BREAKING EVEN: A Month in Bonefishing (Pt. II)
The past few days have been different. I am tempted, as I suppose anyone would be, to give myself some credit. After all, it could be that I am getting good at this. I’ve spent enough time at it, that’s a fact, so I suppose it’s an option I must consider, you know, out of fairness. And the recent fish I’ve taken were tricky, requiring pinpoint presentations, delicacy, and the knowledge of how to fish the fly properly.
One in particular sticks in my mind. It was a rainy day on the flats, so my dad and I decided to play hooky and hit our favorite flat. The bones there tail well, but are tough customers. You’ve got to soft sell it. I took a fish early over a mixed bottom of grass and sand. The fish materialized about 30 feet out but headed into the glare. I cast to intercept and simply let the fly sit. One twitch and a bonefish tail popped up about where my fly probably was, so I stripped and came tight—a nice three-pounder. Later the tide brought more tailers and I spotted a pair coming down the shore. Big fish, these, and over grass, so my hopes were low. I waded out, cast, and began a slow subtle retrieve that ended (surprisingly) with the fish actually swallowing the fly—I think more out of spite more than anything. Big fish have a predatory streak that often works in the angler’s favor. That one was close to five, maybe six pounds. One of my biggest landed.
Of course, you can combine all the desirables—delicate presentation, accuracy, and the right fly—and still blank out. You’ve really got to be in the right place at the right time, and in the salt, that means tides. Sure, there may be those old bruisers that you can almost always find on a particular flat regardless of tide, but can you get them to eat? One of my favorite flats has a trio of bonefish that live there. The Three Amigos, I call them. I occasionally guide there and have anglers cast to these fish on a somewhat regular basis. They never eat the fly, ever. At best they ignore it. Other times they quietly sink away as soon as the fly hits the water. I’ve almost come to regard these fish as uncatchable, almost, but that doesn’t mean I’ll stop casting at them.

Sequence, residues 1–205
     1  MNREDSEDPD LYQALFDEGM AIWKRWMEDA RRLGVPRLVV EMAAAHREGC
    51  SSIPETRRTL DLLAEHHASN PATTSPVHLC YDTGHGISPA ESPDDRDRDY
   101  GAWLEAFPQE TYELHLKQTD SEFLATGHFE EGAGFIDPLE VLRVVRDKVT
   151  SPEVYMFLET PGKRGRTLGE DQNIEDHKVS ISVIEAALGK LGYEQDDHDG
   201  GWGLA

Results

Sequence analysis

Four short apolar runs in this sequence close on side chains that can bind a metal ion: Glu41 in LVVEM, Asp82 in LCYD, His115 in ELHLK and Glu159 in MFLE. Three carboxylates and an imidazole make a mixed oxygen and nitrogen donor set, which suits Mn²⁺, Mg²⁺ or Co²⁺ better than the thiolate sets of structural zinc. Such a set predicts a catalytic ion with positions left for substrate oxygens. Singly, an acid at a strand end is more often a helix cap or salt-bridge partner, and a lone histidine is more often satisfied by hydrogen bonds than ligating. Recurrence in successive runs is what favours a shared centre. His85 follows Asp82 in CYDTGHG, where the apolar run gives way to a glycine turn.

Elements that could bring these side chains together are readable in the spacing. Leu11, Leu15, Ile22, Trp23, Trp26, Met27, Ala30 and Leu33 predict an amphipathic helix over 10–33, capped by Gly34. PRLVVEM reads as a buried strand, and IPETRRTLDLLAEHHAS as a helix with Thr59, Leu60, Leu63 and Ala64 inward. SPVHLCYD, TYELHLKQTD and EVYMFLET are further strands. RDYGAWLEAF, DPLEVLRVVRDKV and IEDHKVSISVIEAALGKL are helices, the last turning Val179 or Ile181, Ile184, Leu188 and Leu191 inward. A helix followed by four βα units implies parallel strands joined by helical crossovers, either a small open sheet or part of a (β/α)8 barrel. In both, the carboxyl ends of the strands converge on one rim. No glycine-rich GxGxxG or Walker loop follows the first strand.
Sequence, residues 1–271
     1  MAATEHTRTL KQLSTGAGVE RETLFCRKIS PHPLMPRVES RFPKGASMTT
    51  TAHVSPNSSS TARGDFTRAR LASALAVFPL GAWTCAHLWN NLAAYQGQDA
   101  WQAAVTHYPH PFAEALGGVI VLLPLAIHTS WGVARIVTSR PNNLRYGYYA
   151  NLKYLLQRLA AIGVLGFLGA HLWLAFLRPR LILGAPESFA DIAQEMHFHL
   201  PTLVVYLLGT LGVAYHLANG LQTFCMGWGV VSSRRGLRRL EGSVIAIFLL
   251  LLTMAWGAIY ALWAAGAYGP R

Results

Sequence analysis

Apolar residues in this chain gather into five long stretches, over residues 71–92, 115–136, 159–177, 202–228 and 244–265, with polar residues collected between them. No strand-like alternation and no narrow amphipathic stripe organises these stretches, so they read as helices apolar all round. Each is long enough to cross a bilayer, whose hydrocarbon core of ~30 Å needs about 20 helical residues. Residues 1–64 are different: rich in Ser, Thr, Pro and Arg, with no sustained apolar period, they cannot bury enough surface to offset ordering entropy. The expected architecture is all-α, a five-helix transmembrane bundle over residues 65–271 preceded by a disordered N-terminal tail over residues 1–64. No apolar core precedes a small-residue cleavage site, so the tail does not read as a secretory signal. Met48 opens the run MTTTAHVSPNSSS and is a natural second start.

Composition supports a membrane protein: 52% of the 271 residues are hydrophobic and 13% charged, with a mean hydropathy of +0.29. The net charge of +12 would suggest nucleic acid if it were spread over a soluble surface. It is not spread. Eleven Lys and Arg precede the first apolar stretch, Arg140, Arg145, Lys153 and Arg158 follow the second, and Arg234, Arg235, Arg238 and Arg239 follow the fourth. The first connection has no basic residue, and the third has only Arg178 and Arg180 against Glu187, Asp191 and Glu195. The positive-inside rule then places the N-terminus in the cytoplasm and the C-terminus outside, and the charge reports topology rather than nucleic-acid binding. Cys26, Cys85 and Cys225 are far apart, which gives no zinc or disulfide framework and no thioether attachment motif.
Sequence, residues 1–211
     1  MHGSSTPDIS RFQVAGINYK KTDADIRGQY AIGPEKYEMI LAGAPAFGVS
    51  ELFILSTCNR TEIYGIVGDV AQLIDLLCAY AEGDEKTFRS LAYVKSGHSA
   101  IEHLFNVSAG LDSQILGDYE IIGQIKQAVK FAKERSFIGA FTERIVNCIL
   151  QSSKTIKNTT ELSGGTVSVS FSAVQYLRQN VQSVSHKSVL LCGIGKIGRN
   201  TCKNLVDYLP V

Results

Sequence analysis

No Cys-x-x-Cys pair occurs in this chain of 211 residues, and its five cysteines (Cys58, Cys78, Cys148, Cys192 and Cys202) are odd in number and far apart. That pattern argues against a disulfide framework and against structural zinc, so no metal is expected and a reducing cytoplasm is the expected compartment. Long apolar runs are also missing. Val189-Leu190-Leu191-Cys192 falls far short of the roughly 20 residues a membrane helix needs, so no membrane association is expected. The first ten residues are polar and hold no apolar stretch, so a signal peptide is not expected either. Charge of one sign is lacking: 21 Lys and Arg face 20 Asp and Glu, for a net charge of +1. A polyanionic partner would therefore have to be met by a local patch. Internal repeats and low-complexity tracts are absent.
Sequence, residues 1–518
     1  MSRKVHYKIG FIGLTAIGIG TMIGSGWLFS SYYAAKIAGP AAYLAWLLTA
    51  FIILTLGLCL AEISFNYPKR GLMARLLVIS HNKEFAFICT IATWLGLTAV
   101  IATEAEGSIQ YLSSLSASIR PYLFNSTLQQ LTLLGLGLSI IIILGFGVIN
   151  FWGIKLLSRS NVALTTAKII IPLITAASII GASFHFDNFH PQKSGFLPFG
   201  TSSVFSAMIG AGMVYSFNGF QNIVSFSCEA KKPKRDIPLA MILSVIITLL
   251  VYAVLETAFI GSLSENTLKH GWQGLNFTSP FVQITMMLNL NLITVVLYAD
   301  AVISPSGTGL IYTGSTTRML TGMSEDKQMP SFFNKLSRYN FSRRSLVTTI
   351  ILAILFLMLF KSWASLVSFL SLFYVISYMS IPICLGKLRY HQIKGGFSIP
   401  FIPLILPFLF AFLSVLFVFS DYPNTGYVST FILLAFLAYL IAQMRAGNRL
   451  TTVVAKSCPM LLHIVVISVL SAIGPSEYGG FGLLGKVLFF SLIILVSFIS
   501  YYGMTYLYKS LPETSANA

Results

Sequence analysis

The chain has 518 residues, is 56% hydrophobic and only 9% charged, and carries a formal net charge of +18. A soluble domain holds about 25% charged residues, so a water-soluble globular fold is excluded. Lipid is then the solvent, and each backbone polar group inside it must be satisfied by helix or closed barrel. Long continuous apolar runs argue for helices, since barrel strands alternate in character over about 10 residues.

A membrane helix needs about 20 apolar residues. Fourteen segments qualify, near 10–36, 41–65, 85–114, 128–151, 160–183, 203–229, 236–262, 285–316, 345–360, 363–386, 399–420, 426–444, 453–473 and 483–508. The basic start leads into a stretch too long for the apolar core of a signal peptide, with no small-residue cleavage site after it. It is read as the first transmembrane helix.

That reminds me of another small flat here that gets lots of pressure. It’s easy to find, close to the harbor and has good numbers of bonefish most of the time. Let’s call it Square Hole Flat. To say fish there are picky is an understatement. But even these old campaigners make mistakes. I fish the flat fairly regularly—the fish are there, after all—and when the bite is on we catch fish. It’s not easy, but we do it. Bearing this in mind, I was not prepared for the experience I had there a few days ago.
June 11, 2004
Home flat. Wind: ENE, about 5 knots. Tide: slack, low.
Stopped off to check the flat for a trip tomorrow and maybe wet a line. Tough fishing this morning and I felt like a little stress relief. Maybe I just wanted reassurance that it all still worked. I waded out to some nervous water about a hundred feet off. Might be a laid-up school—tough fish, and not usually feeding. I began pulling out line, getting ready to toss a long careful cast to the edge of the school. Sometimes you can fool one that way.
As I finished stripping out line I looked over at the school; they were within forty feet and moving fast. Dozens of fins pierced the surface as they swam in six inches of water toward me. I crouched down, practically sitting in the water, and flipped my fly out. They swam to within fifteen feet and settled down again, seemingly oblivious of my presence. I was sure my fly was in the middle of the school, so I took the only available option: I fished the fly. The leader knot was almost three feet inside the rod tip before I felt the line tighten and set the hook. I stood up, bonefish around my feet, my fly in the mouth of the leader—a big ol’ rusty backed fish with a ragged tail and missing scales.
“Big fella!” I grunted to myself as the fish cleared out and raised hell all over that flat. Aside from a couple anxious seconds as I cleared sixty-some feet of loose fly line, the fight was a purely enjoyable spectacle: western sun and blue horizon bisected by a clean angle of line, and small explosions at various points of retreat and return. Two minutes later I released the leader to find the scattered remains of the school in the gathering dusk.
That kind of experience can be deceiving. Was it luck? Instinct? I think we can discount providence out of hand. Whatever the case, I think I’ll not be expecting that to happen again anytime soon, but I’ll keep hoping.